I am delighted to be nominated as a candidate for the IZFS board. I am a developmental biologist interested in fundamental questions of cell fate specification and morphogenesis in the early embryo. Since 2004 I have been teaching and researching at the University of Toronto, the largest public university in the most diverse city in Canada. If selected, I will work to further the mission of the organization, including promoting the importance of the zebrafish as a model system for providing insights into basic questions in biology relevant to human health. In addition, researchers in Canada and in other countries continue to face challenges surrounding zebrafish import and export that have serious impacts on resource sharing and research productivity. I would also work to support educational initiatives to bring young people from diverse backgrounds into our community. I have been involved in developing an extra-curricular program in Stem Cells and Developmental Biology for undergraduates and I currently serve as the Director of the Human Biology Program, the largest life science undergraduate program at the university with over 3,000 students. It is also vital for our community to support trainees at all levels through programming and mentorship initiatives. The on-going global pandemic underscores the need to continue to develop meaningful ways to connect as a community on-line and, critically, to make these connections accessible to all. I would be very excited to serve the zebrafish community and work with others on the board to further the goals of the organization.
Christian Mosimann, PhD
The Helen and Arthur E. Johnson Chair for the Cardiac Research Director, Associate Professor of Pediatrics; Department of Pediatrics, Section of Developmental Biology
University of Colorado School of Medicine, Anschutz Medical Campus
Aurora, Colorado, USA
I am honored to be considered as a US/Canada representative for the IZFS board. My lab uses zebrafish to decode the developmental mechanisms of mesoderm patterning and cardiovascular system formation. We also continue to invest into the generation and dissemination of accessible genetic tools and protocols for genetic lineage labeling, transgene generation, and genome editing applicable to the diverse, fascinating topics tackled by the zebrafish community. Beyond pursuing developmental biology, I am an avid advocate for the use of our model to understand human disease, an angle I promote with my second elected term on the board of the Zebrafish Disease Models Society.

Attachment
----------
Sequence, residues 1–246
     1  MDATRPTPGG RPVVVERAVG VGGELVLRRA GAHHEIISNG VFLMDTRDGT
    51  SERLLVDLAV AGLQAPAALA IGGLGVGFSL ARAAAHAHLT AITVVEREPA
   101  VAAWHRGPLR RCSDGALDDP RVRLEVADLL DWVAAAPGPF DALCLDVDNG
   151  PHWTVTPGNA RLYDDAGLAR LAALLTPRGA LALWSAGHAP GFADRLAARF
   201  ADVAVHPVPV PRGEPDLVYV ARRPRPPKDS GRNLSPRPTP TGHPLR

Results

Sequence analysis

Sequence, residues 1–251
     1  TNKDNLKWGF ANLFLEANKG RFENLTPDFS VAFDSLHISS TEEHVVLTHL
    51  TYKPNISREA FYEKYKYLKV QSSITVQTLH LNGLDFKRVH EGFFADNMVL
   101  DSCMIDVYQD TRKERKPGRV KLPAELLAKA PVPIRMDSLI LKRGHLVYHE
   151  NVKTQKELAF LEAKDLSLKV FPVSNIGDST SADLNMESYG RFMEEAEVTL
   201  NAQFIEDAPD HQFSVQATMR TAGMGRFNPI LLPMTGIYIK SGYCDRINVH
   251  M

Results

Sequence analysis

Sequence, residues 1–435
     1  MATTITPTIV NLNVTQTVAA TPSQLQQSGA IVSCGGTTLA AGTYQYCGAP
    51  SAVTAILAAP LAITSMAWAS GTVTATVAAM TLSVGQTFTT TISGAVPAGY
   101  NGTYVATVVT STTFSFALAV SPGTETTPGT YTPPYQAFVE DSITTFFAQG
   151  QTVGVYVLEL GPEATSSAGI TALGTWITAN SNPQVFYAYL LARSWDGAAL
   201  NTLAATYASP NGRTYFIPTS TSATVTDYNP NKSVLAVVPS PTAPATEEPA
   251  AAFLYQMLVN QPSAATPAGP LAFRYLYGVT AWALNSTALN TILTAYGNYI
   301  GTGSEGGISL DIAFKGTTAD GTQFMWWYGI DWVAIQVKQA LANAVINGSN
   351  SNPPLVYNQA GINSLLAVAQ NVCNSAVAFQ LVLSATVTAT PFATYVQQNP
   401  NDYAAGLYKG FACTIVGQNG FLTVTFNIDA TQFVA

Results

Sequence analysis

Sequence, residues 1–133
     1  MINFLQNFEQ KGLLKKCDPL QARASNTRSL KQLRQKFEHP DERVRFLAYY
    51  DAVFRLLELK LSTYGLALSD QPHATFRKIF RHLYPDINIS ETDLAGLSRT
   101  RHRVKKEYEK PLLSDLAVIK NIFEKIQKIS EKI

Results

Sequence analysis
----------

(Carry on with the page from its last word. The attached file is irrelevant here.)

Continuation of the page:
Having trained, run labs, and mentored trainees on two continents and as part of international collaborations, I'd be looking forward to help further connecting the US/Canadian and international zebrafish community as IZFS board member. While we live in a golden age of new genetic, molecular, and imaging techniques, many latest advances remain technically and financially inaccessible to the wider community. To promote access to latest advances and experimental standards, we need to foster community-centered discussions and dissemination of protocols, reagents, and collaborative opportunities. I’d be excited in creating guidelines, standards, and practical means of support to advance our zebrafish as model. The national and international reach of the IZFS is ideally suited to coordinate these endeavors.
The ongoing pandemic has further highlighted the utility of social media and easily accessible, digital means for fostering our collegial, collaborative, and supportive community at the national and international level despite isolating travel and lab restrictions. IZFS is ideally positioned to integrate these means of communication, the international meetings, and the wide range of our members to help further advance curiosity-driven zebrafish research post-pandemic. It would be a privilege to continue contributing in service of our community on the IZFS board.
Ian C. Scott, PhD
Professor, Department of Molecular Genetics, University of Toronto
Senior Scientist, Program Development and Stem Cell Biology, The Hospoital for Sick Children
I am honoured to be nominated for a position on the IZFS board. Having been involved in the study of zebrafish cardiac development (and more recently regeneration) since 2001, the collegial and open nature of the zebrafish community continues to invigorate and renew my passion for research and collaboration. My previous service and experience includes co-organizing the sadly cancelled 2020 Weinstein Cardiovascular Development conference, serving as session co-chair for several developmental conferences, and serving as a peer review member for several Canadian and American agencies. My most rewarding role to date has been to serve as Graduate Coordinator for our large (350 students) graduate program. This experience crystallized my view that a major goal of large societies such as the IZFS should be to promote the quality of training and exposure to opportunities for growth for our more junior members. If selected to serve the IZFS, I would strive to work with trainees to maximize and build upon existing opportunities for education, networking, outreach and career planning/professional development.